What is a Sarouk Rug?
Sarouk rugs are a type of Persian rug. Sarouk rugs are very attractive, and antique Sarouks are one of the most desired types of rugs by both rug dealers and retail customers alike. They are one of the best quality rugs from the Arak weaving district of central Iran and some of the most beautiful rugs in the east. They are made both in village and workshop settings.
Washed and Painted Sarouks
Before WW2, Sarouk rugs became very popular in America. American Sarouks first became popular because of their color. Unfortunately, many Sarouks that were imported before WW2 were chemically washed and painted to appeal to customers which had a detrimental effect on the condition of the carpet. Traditionally Sarouks were painted with dye to intensify certain colors and highlight patterns. Often the dyes used to paint the rugs were not colorfast and therefore bled when they were washed.
Characteristics of Sarouk Rugs
Hand knotted Sarouks usually have a distinguishing design of brightly colored detached floral sprays with or without a medallion. They may resemble an open field Kirman design. Some older pieces have tree of life designs, or designs of tree motifs including cypress trees or willows. They can also have animal motifs in the fields. There can be delicate stems that weave through the piece with leaves, buds and flowers. The borders usually have only three stripes; one broad main stripe with a vine with flowers, and a narrow guard stripe on each side. Sometimes the guard stripes have a simple vine design, or a floral pattern.
Sarouks designed for the European market were worked in an intertwining medallion design and are called Jozan Sarouks due to their resemblance to rugs woven in the town of Jozan. The Serabend, which consists of small repeated botehs, is a variant of the standard Sarouk.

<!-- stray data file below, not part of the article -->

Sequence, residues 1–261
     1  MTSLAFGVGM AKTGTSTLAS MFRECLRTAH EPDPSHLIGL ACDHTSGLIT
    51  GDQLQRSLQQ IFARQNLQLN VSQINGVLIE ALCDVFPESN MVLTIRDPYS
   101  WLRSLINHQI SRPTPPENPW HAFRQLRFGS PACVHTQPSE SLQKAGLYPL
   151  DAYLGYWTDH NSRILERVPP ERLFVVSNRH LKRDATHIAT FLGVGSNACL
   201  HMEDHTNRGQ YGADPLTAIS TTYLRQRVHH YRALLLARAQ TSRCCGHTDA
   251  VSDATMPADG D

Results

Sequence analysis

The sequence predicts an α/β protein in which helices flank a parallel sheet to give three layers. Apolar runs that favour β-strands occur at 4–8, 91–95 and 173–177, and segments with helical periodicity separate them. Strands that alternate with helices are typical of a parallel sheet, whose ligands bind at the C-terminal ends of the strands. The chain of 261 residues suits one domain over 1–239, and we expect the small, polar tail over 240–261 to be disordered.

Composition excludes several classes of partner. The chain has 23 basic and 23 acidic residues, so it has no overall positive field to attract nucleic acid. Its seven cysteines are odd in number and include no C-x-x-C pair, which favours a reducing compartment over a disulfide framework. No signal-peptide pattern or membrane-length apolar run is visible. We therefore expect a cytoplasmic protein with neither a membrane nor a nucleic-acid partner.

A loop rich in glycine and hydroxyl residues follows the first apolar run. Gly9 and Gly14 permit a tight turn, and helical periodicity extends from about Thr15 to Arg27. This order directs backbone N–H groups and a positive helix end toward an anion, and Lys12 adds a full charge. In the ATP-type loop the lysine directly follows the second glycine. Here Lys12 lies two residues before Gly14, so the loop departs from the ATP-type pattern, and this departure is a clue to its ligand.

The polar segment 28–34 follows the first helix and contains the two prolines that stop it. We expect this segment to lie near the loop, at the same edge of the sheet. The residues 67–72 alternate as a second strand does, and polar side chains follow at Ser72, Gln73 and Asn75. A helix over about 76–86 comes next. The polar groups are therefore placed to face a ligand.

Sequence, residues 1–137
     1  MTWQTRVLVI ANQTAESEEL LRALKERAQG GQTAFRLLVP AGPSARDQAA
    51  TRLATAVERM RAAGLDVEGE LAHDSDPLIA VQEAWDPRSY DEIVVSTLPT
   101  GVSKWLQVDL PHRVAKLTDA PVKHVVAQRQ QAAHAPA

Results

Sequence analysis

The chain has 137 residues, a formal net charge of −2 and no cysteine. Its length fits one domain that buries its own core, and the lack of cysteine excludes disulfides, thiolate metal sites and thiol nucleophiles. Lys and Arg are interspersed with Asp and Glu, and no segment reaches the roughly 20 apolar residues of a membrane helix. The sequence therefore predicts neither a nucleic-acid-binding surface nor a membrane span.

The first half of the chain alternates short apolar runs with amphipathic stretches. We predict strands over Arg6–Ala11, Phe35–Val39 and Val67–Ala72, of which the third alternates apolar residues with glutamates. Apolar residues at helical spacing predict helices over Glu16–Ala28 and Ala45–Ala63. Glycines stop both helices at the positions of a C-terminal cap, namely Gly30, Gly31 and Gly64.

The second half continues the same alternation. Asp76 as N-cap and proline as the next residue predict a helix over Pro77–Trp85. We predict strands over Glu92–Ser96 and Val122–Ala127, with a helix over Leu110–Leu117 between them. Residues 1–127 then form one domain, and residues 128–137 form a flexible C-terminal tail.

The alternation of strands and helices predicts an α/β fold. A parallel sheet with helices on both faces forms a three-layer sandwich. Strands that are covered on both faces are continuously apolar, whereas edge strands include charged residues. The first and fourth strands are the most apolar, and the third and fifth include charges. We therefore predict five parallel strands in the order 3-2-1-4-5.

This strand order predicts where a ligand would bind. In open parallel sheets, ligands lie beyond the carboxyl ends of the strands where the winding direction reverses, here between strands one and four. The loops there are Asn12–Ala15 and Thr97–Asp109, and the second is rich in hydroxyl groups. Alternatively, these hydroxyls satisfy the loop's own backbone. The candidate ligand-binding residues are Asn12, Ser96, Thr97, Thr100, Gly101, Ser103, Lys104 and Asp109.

Modern Sarouks have beautiful colors, graceful patterns and are well woven. Sarouks have soft, rich, dark colors like deep blues and reds, olives, greens, burnt orange and ivory. Light red, yellow and turquoise may be used as highlights. Older pieces can feel like velvet, and have more muted tones. The borders are usually a color that contrasts with the field color.
Foundation & Materials
Sarouks have a cotton foundation, with distinct blue weft threads. Persian knots are used in Sarouks, and the knotting can be very fine. The wool is of excellent quality, and the finished carpet is very durable. The pile can either be clipped close or left a little long. The wool in antique Sarouks is high quality and the pile feels velvety. Their resale value is very steady. Sometimes lesser quality Mahal rugs are represented as Sarouks which a buyer should be aware of. Sarouk designs are also copied in India, Romania and China.
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